Of Ageing Humans and Infant Mortality

Human beings are living longer than ever before. Take the Indian case. In 1960, the life expectancy at birth was at 41.2 years. This has since improved to 68 years in 2014, as per data from the World Bank.

In fact, the human life expectancy is expected to go up further in the years to come. As Yuval Noah Harari writes in Homo Deus—A Brief History of Tomorrow: “The breakneck development of fields such as genetic engineering, regenerative medicine and nanotechnology fosters ever more optimistic prophecies. Some experts believe that humans will overcome death by 2200, others say 2100. Kurzweil and de Grey are even more sanguine. They maintain that anyone possessing a healthy body and a healthy bank account in 2050 will have serious shot at cheating death a decade at a time.”

This will have a huge impact on human society and the way it’s currently structured. As Harari writes: “Today, people still expect to be married ‘till death us do part’, and much of life revolves around having and raising children. Now try to imagine a person with a lifespan of 150 years. Getting married at forty, she still has 110 years to go. Will it be realistic to expect her marriage to last 110 years…. Bearing two children in her forties, she will, by the time she is 120, have only a distant memory of the years she spend raising them—a rather minor episode in her long life.”

Professional careers will also change in comparison to the way they are now. Currently, people study and specialise in their teens and early twenties, and then work until their retirement age. If they live up to 150 years, they will have to reinvent themselves and develop new specialisations as they go along.

So, all this does make one wonder as to what happened in the 1960s, when the life expectancy was a little over 40 years? Did that mean there weren’t many fifty, sixty and seventy year olds, going around? And now that the life expectancy is at 68, there are many more sixty and seventy year olds, going around.

As Daniel Levitin writes in A Field Guide to Lies and Statistics: “In fact, people did live that long—it’s just that infant and childhood mortality was so high that it skewed the average. If you could make it past twenty, you could live a long life back then. Indeed, in 1850 a fifty-year-old white female could expect to live to be 73.5, and a sixty-year-old could expect to be seventy seven.”

Hence, even in the India of the 1960s when the life expectancy was a little over 40 years, people were living well into their sixties and seventies. So why was the life expectancy so low? As Levitin writes: “There were many more infant deaths back then pulling down the average.”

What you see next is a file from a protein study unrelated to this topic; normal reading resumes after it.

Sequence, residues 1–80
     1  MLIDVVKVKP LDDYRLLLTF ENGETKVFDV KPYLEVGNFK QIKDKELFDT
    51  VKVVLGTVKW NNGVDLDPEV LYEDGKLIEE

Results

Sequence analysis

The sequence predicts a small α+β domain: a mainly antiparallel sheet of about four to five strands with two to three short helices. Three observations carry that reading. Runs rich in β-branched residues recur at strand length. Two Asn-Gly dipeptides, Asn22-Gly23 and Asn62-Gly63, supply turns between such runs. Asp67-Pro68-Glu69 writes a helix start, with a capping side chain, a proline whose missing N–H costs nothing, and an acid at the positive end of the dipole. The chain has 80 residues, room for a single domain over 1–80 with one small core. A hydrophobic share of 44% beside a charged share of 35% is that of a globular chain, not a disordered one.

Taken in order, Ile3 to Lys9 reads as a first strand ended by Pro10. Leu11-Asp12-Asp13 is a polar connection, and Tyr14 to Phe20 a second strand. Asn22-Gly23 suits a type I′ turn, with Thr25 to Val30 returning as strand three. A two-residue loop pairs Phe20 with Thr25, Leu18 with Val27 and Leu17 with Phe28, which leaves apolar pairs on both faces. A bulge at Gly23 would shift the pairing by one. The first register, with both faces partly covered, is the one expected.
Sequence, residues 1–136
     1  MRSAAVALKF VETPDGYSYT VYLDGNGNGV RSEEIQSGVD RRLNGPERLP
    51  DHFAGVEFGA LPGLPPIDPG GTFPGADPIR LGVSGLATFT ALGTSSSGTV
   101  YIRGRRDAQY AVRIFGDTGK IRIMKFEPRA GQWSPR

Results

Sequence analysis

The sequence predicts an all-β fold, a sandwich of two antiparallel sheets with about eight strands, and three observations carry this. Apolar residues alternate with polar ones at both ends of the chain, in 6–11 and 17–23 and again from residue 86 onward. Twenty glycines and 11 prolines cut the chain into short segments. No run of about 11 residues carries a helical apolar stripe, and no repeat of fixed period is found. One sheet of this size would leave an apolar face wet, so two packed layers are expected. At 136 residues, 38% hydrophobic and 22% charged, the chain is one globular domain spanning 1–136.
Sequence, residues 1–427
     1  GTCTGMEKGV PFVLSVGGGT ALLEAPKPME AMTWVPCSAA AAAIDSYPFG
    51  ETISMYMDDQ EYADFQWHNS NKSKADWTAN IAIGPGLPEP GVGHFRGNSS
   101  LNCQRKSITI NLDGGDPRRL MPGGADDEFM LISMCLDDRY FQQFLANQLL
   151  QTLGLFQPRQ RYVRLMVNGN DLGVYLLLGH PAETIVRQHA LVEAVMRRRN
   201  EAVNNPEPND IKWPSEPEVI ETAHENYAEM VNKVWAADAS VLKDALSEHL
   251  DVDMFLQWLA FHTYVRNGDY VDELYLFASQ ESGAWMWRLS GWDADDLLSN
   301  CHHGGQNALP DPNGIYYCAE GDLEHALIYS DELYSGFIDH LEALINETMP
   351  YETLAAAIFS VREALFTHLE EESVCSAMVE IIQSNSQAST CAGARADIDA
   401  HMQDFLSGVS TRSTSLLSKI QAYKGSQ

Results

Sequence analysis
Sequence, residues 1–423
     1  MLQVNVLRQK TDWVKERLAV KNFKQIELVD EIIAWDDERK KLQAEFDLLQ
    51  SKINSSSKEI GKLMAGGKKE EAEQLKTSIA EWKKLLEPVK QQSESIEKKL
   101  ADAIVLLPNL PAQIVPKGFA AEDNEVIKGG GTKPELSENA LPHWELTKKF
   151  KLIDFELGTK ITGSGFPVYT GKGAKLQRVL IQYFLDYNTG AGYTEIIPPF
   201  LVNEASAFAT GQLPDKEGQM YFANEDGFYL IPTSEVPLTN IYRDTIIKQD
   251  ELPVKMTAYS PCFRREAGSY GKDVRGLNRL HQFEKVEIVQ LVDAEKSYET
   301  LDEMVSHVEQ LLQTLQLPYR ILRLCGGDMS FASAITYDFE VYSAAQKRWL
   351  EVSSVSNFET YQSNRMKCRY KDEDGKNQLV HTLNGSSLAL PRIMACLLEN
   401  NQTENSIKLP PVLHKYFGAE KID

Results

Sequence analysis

What does this mean? In 1960, the infant mortality rate of India was 165. The infant mortality rate is essentially defined as the number of infants who die before reaching one year of age for every 1000 live births during the course of a given year. This meant that in 1960, on an average 165 out of the 1,000 babies born died before reaching one year of age.

This high infant mortality rate essentially pulled down the life expectancy number. Over the years, the infant mortality rate has come down. In 2015, the infant mortality rate had stood at 38. This means that for every 1,000 births on an average, 38 babies died before reaching one year of age. This improvement has largely been account of the availability of better healthcare facilities.

India still has some way to go on this front. In 2015, the world infant mortality rate was at 32. Our neighbours like Sri Lanka, Nepal and Bangladesh have managed to do much better than us on this front. Their infant mortality rates stand at 8, 29 and 31. Only Pakistan at 66, fairs worse than us.

The column originally appeared in Bangalore Mirror on January 25, 2017



About vivekkaul
Vivek Kaul is a writer who has worked at senior positions with the Daily News and Analysis(DNA) and The Economic Times, in the past. He is the author of the Easy Money trilogy. Easy Money: The Greatest Ponzi Scheme Ever and How It Is Set to Destroy the Global Financial System , the latest book in the trilogy has just been published. The first two books in the trilogy were published in November 2013 and July 2014 respectively. Both the books were bestsellers on Amazon.com and Amazon.in. Currently he works as an economic commentator and writes regular columns for www.firstpost.com. He is also the India editor of The Daily Reckoning newsletter published by www.equitymaster.com. His writing has appeared across various other publications in India. These include The Times of India, Business Standard,Business Today, Business World, The Hindu, The Hindu Business Line, Indian Management, The Asian Age, Deccan Chronicle, Forbes India, Mutual Fund Insight, The Free Press Journal, Quartz.com, DailyO.in, Business World, Huffington Post and Wealth Insight. In the past he has also been a regular columnist for www.rediff.com. He has lectured at IIM Bangalore, IIM Indore, TA PAI Institute of Management and the Alliance University (Bangalore). He has also taught a course titled Indian Economy to the PGPMX batch of IIM Indore. His areas of interest are the intersection between politics and economics, the international financial crisis, personal finance, marketing and branding, and anything to do with cinema and music. He can be reached at vivek.kaul@gmail.com

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